Study explores association between SSRI use and violent crime

Published 2015-09-15 20:13. Updated 2015-09-17 12:39Denna sida på svenska

The use of antidepressant SSRIs is modestly associated with violent crime in adolescents and young adults, according to a new study published in the journal PLOS Medicine. The cohort study by researchers from Karolinska Institutet and the University of Oxford showed in subgroup analysis that this association was evident in participants aged 15-24, but not significant for individuals aged 25 and older.

Selective serotonin reuptake inhibitors (SSRI) are widely prescribed, and effectively used to treat for example depression and anxiety syndrome. Inconclusive evidence, however, links SSRI use with violent behaviour. In the current study, Dr Seena Fazel of Oxford University and colleagues compared the rate of violent crime while individuals were prescribed SSRIs with the rate of violent crime in the same individuals while not receiving medication, using matched data from the Swedish Prescribed Drug Register and the Swedish national crime register.

During the 4-year study period (2006-2009), about 850,000 individuals were prescribed SSRIs, and 1% of these individuals were convicted of a violent crime. In age-stratified analysis, associations between SSRI use and convictions for violent crimes were significant for individuals aged 15 to 24 years but not for older individuals. Increased risks were also found in individuals aged 15-24 years for violent arrests, non-violent convictions and arrests, non-fatal accidental injuries and emergency contacts for alcohol-related problems.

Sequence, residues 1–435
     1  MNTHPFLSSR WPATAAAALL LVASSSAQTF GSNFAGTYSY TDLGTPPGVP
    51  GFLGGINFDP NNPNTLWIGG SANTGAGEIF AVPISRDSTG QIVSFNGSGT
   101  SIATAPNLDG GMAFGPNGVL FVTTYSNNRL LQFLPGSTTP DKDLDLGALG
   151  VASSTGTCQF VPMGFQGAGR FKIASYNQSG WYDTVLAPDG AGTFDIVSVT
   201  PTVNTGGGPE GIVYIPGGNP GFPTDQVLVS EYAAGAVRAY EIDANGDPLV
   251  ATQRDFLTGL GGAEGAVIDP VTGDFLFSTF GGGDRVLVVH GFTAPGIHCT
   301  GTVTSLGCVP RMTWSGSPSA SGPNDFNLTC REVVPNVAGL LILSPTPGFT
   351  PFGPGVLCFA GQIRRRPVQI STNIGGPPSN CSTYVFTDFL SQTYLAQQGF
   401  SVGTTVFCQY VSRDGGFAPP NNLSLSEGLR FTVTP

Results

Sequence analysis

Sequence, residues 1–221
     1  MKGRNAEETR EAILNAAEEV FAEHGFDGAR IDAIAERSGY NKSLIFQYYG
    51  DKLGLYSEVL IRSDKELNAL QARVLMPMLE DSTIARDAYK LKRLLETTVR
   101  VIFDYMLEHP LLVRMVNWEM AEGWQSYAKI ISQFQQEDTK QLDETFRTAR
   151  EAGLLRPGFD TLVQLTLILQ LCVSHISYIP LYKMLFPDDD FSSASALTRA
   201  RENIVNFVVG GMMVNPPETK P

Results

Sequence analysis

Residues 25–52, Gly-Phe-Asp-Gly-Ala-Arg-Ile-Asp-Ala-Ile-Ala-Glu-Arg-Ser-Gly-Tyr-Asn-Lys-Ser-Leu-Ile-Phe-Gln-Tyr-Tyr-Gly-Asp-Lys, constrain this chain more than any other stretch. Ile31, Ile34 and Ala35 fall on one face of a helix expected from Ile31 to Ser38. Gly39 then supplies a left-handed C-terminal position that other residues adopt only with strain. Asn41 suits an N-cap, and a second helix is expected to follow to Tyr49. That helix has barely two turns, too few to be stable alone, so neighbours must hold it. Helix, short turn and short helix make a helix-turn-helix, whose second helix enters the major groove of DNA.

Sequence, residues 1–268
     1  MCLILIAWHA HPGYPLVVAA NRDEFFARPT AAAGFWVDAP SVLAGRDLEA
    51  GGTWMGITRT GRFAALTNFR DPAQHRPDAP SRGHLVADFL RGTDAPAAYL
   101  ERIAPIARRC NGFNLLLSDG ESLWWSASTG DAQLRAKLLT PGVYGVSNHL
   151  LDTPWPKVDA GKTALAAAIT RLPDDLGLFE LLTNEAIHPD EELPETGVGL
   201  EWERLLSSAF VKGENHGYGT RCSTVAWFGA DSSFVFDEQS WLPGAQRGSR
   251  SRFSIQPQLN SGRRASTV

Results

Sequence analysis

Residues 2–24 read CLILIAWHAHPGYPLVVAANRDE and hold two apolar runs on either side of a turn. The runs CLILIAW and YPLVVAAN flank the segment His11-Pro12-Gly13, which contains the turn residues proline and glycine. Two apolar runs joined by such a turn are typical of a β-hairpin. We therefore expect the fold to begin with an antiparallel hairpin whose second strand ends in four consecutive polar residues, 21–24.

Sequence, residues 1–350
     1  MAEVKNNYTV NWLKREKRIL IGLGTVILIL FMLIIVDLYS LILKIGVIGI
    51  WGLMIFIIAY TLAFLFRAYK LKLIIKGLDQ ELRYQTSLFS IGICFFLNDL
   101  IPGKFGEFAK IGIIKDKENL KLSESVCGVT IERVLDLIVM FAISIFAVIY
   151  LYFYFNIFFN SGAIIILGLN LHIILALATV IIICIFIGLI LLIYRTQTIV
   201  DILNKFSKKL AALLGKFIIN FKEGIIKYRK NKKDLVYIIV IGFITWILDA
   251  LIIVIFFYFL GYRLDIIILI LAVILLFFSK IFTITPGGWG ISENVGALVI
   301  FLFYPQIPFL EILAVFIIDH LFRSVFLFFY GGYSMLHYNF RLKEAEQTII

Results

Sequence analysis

Do not prove causation

According to the study-authors, these findings do not prove causation, as possible time-varying confounding by one or more unidentified factors linked to both SSRI use and violent crime may explain the results. Any change to the advice given to young persons prescribed with SSRIs will need to be carefully considered, and should not be based on one study alone.

Lead study-author was Dr Yasmina Molero Samuelson at the Department of Medical Epidemiology and Biostatistics, Karolinska Institutet. The research has been funded with grants from the Wellcome Trust, Karolinska Institutet, and the Swedish Research Council. This news article is an edited version of a press release from PLOS Medicine.



Selective Serotonin Reuptake Inhibitors and Violent Crime: A Cohort Study
Yasmina Molero, Paul Lichtenstein, Johan Zetterqvist, Clara Hellner Gumpert, Seena Fazel
PLoS Med 12(9): e1001875, online 15 September 2015, doi:10.1371/journal.pmed.1001875

PharmacoepidemiologyPsychiatric disorders